That’s not to say you won’t die - and often on higher difficulty settings. The sheer numbers of enemies, coupled with porous cover and aliens that sink into the glitchy scenery will see to that. But never will you be out-thought, or out-manoeuvred, which is more the pity.
The scenery clipping is far from the only bug too. As sentry turrets materialise out of thin air, enemy grunts rush blindly past you - presumably because you’ve reached a point in the mission without tagging their trigger point - and pressurised containers explode without damaging anything within their vicinity.
And though such issues may be fixed via patches, that won’t cure Colonial Marines’ most unforgivable flaw: that the xenomorphs here have been cursed with staccato movement, the very opposite of the sinuous, fluid flexibility that was so terrifying in the movies. Perhaps the most damning criticism to be made is that even the ‘greasy’ Alien: Resurrection xenos looked better than this collection of cardboard cut-outs.
Ultimate killing machine? Not in this game
The rest of the game looks much as if it has walked out of the PS2 era too, a problem compounded by bland environments and identikit bad guys. No wonder the preview events showcased the PC version which, while still less than stunning, is at least slightly better looking.
I’m not suggesting that Gearbox went into this to make anything but a good game, but six years of indecision, a constantly shifting release dates and seemingly a loss of direction has unfortunately turned the product into something to lament. After all, in a similar way to how we’re now stuck with Prometheus as the “definite” precursor to Alien, we’re now stuck with this as the gaming’s official sequel to Aliens.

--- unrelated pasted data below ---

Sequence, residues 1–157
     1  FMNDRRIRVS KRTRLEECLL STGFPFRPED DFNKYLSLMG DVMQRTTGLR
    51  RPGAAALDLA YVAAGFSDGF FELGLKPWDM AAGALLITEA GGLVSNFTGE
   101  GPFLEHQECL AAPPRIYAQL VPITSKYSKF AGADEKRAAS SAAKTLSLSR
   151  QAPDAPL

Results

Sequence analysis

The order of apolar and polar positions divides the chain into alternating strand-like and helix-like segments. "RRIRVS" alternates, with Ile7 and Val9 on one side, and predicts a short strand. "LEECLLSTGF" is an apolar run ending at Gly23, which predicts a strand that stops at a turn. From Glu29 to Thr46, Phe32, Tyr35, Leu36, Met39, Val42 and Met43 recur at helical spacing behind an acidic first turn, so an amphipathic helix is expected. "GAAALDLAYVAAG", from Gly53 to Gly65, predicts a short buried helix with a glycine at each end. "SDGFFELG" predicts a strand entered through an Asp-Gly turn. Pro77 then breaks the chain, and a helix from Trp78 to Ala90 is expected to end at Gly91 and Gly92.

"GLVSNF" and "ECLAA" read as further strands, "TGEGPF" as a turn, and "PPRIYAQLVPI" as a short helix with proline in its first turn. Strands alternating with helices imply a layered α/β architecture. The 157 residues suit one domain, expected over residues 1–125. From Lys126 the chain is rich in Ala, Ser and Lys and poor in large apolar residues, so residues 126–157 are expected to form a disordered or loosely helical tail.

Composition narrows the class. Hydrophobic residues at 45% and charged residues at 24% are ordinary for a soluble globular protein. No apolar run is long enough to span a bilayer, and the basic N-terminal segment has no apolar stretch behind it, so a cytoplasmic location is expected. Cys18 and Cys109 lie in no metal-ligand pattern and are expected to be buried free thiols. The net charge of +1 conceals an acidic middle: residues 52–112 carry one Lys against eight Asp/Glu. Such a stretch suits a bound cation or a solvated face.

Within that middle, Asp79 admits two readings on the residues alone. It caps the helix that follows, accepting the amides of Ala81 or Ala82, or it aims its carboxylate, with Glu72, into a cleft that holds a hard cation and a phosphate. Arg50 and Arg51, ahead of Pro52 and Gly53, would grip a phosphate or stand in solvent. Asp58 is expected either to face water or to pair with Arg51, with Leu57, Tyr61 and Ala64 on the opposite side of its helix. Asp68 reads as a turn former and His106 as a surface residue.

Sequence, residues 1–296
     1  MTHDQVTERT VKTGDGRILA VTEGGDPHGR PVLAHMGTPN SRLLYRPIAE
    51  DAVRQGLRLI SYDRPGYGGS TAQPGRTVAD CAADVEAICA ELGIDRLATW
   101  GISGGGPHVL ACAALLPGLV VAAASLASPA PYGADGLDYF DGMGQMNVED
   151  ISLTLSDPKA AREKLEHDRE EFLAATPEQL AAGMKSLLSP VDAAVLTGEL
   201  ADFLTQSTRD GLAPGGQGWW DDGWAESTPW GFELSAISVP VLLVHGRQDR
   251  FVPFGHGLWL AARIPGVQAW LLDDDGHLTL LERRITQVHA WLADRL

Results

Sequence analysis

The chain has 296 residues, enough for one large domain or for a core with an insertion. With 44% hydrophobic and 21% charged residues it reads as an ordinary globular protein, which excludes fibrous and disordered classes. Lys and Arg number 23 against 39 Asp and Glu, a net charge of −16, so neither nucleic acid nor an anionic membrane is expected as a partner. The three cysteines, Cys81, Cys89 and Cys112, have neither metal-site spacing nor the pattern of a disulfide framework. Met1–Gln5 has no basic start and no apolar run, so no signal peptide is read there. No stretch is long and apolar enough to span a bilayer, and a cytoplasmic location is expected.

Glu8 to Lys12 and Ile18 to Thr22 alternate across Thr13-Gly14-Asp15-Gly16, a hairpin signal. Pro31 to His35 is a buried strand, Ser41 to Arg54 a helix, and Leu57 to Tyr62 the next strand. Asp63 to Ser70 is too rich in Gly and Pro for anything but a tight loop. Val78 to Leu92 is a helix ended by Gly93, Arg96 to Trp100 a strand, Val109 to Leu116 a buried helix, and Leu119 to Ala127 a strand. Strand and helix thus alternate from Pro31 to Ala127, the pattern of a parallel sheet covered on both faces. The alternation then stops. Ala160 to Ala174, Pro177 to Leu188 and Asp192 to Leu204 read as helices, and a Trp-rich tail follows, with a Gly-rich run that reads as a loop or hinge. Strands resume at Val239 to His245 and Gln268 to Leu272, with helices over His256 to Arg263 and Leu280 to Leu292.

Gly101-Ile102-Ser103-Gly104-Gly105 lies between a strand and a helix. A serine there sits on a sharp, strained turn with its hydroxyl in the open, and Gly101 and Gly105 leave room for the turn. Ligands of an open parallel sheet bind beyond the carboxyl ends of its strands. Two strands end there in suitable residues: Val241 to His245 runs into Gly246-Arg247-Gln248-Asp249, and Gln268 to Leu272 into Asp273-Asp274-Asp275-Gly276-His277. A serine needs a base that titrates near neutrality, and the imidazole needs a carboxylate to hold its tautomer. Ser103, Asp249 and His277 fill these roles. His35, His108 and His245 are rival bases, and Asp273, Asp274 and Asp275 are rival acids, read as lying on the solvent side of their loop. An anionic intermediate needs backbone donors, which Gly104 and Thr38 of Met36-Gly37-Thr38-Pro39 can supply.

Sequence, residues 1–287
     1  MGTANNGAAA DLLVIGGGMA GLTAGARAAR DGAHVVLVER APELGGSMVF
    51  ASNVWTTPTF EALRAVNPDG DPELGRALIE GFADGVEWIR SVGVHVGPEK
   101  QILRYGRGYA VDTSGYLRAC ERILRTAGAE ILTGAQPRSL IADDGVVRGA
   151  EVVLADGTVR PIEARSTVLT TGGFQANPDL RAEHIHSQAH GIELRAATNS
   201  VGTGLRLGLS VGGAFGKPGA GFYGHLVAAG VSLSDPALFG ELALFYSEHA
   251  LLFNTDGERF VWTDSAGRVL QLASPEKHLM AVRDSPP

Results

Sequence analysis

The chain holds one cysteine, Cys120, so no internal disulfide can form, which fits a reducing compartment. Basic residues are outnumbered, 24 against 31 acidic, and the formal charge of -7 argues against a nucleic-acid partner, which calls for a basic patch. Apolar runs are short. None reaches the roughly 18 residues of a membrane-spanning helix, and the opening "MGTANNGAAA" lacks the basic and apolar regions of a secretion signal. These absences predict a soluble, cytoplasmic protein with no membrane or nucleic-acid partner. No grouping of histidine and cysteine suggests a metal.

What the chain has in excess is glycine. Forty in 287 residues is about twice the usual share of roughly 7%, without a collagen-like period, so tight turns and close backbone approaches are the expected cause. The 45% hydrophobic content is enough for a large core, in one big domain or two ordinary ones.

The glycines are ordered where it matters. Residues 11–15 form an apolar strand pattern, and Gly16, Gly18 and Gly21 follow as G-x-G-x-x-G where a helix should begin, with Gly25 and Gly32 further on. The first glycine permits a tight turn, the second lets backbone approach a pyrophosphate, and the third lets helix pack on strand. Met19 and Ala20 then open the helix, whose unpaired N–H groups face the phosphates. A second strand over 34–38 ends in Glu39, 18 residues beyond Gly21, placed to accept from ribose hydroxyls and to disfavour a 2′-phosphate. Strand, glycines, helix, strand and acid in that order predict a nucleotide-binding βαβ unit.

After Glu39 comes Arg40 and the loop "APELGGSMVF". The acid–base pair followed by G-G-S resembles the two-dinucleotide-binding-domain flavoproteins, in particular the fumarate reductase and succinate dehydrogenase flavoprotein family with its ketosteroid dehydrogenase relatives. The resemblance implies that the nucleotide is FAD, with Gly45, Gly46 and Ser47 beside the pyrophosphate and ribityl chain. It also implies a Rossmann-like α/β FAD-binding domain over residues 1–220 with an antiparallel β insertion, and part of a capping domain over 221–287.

Dead Space 3: a story of assumed identity
Following hot on the heels of Aliens: Colonial Marines was Dead Space 3, a game which most had long suspected was set to take Visceral Game’s claustrophobic horror in a new direction.
Sure enough, that’s was exactly what we got, with long-suffering engineer Isaac Clarke being once more lured into battle against the corrupted necromorphs. His affair with the mysterious Marker – which set loose his tormentors in the first place – coming to some kind of conclusion in the process.
It offers co-op mode for a first time, as well as human enemies equipped with guns and even locates the action within more open environments, Clarke taking a trip to a snow-covered planet during large sections of the game. These foreign concepts twisting and transforming Dead Space 3 into something resembling Uncharted with zombie aliens, a marked departure from the atmospheric survival horror of before.
For that change, the game was attacked rather ferociously by the gaming press. While I can see why some criticism was due, there comes a point when you must judge what’s on the disc - not what you hoped was on the disc. After all, we don’t lambast Aliens for not being similar in concept to Alien do we?
Light him up
With that in mind I’d like to put it on record that I had a good time with Dead Space 3. Not quite as good a time as I had with its predecessors admittedly, but by upping the tempo while preserving the series’ seamless design, Visceral have pulled off an action horror which walks all over the likes of Resident Evil 6.
The only downsides are a reliance on unoriginal boss fights and puzzle sections to which the solution is to find three keys for three slots – a gameplay mechanic that the industry really needs to start moving away from if you ask this grizzled gamer.
Crysis 3 out for an easy Prophet